According to U.S. immigration law, certain crimes in California can result in deportation if you are not a U.S. citizen. In fact, all immigrants--even green card holders--can be deported if they violate immigration laws.
In general, immigrants can be deported if they are convicted of either a “crime of moral turpitude” or an “aggravated felony.” Furthermore, there are specific crimes that qualify as grounds for deportation.
Crimes of Moral Turpitude
The first significant category for deportable crimes consists of “crimes of moral turpitude.” Although the Immigration and Nationality Act (INA) does define the term, California and federal courts have defined it as a corruption of the basic social duties which everyone owes to another person and to society entirely. In other words, crimes involving dishonesty, theft, and an intent to harm persons or things often constitute crimes of moral turpitude.
Crimes of moral turpitude include, but are not limited to, the following:
- Grand theft
- Assault with a deadly weapon
- Repeated felony DUI convictions
Keep in mind, being convicted of a single crime of moral turpitude does not warrant deportation. Rather, you are deportable if you either (1) are convicted of such a crime for which a prison sentence of one year or longer may be imposed, within five years of being in the United States or (2) are convicted of two or more crimes of moral turpitude that did not occur in one criminal scheme.
There are certain felonies in California that can result in removal from this country. Unlike crimes of moral turpitude, “aggravated felony” is clearly defined in the INA.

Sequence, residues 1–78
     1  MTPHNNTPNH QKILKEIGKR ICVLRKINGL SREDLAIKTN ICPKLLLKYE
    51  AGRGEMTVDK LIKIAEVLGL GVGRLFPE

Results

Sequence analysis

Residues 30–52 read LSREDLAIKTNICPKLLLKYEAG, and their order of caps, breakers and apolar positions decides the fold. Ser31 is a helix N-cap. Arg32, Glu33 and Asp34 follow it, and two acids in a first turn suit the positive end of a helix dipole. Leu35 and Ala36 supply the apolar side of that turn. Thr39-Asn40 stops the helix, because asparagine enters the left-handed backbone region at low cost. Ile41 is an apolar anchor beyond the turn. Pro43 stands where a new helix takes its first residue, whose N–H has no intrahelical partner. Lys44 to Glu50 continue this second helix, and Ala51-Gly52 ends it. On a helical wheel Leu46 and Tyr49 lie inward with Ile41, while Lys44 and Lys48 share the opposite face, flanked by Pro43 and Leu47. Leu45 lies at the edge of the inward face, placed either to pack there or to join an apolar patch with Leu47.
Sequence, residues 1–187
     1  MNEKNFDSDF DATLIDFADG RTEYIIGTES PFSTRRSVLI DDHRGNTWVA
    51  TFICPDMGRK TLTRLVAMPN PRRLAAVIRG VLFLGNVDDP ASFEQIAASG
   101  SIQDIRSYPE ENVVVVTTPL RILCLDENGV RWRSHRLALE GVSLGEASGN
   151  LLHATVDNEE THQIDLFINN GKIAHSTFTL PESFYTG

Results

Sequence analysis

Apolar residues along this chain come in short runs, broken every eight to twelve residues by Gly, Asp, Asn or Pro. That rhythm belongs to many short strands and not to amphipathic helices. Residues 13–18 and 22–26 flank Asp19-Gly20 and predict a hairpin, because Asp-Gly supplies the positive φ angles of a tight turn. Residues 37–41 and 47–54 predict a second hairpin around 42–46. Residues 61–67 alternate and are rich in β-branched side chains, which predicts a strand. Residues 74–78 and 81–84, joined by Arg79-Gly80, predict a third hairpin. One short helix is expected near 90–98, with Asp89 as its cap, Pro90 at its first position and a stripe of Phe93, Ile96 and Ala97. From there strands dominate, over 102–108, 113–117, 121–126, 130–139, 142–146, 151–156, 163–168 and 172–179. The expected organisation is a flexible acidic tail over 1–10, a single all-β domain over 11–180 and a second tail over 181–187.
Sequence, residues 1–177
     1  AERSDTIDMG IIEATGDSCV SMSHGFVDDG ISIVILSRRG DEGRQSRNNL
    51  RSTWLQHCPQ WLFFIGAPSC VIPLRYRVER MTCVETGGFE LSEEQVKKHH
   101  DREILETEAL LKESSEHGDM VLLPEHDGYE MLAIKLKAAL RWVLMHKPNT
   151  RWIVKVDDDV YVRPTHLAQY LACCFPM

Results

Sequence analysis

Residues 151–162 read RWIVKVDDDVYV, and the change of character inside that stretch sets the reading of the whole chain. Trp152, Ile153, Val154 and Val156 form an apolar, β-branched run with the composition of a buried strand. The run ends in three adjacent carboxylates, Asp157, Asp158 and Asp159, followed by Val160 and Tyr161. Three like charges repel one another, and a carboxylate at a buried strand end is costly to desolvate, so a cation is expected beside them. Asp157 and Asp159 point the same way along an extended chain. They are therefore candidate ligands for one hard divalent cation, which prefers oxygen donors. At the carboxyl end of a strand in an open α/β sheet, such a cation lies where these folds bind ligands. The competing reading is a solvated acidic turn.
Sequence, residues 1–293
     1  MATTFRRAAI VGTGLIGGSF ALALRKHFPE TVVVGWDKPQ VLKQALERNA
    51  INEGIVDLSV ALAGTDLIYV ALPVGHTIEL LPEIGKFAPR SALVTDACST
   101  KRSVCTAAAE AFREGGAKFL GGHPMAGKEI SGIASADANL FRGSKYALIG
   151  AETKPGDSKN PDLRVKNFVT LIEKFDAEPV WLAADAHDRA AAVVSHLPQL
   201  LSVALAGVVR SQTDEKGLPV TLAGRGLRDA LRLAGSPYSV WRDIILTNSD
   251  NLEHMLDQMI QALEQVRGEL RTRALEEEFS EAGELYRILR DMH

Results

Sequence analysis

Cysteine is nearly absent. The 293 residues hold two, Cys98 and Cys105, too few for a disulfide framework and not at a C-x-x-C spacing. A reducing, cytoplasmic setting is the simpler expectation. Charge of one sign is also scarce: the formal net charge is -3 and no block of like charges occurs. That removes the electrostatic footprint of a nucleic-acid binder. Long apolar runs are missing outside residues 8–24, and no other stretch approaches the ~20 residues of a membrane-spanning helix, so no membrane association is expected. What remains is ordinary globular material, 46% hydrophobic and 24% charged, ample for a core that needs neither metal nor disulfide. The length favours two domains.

Aggravated felonies include, but are not limited to, the following:
- Drug and firearms trafficking
- Child pornography
- Sexual abuse of a minor
- Money laundering
- Tax evasion involving more than $10,000
If you were convicted of an aggravated felony, no matter how long you’ve been living in the United States, deportation is a near certainty. However, if you avoid removal if you can prove it is more likely than not that you would be tortured in your native country upon return.
Other crimes that can lead to deportation for an immigrant include, but are not limited to, the following:
- Drug crimes
- Illegal possession or sales of firearms
- Domestic violence
- Human trafficking
- Child abuse or neglect
- Terrorist activities
Unfortunately, as soon as President Donald Trump took office, he issued several executive orders on immigration, demanding an increase in the number of immigrant deportations. Additionally, Trump discontinued the Priority Enforcement Program established by President Obama, which made the DHIS focus its energies on deporting more serious crimes (i.e. aggravated felonies, gang crimes, or three or more misdemeanors).
So now, the Immigration and Customs Enforcement (ICE) is focusing its resources on all deportable immigrants with any criminal conviction.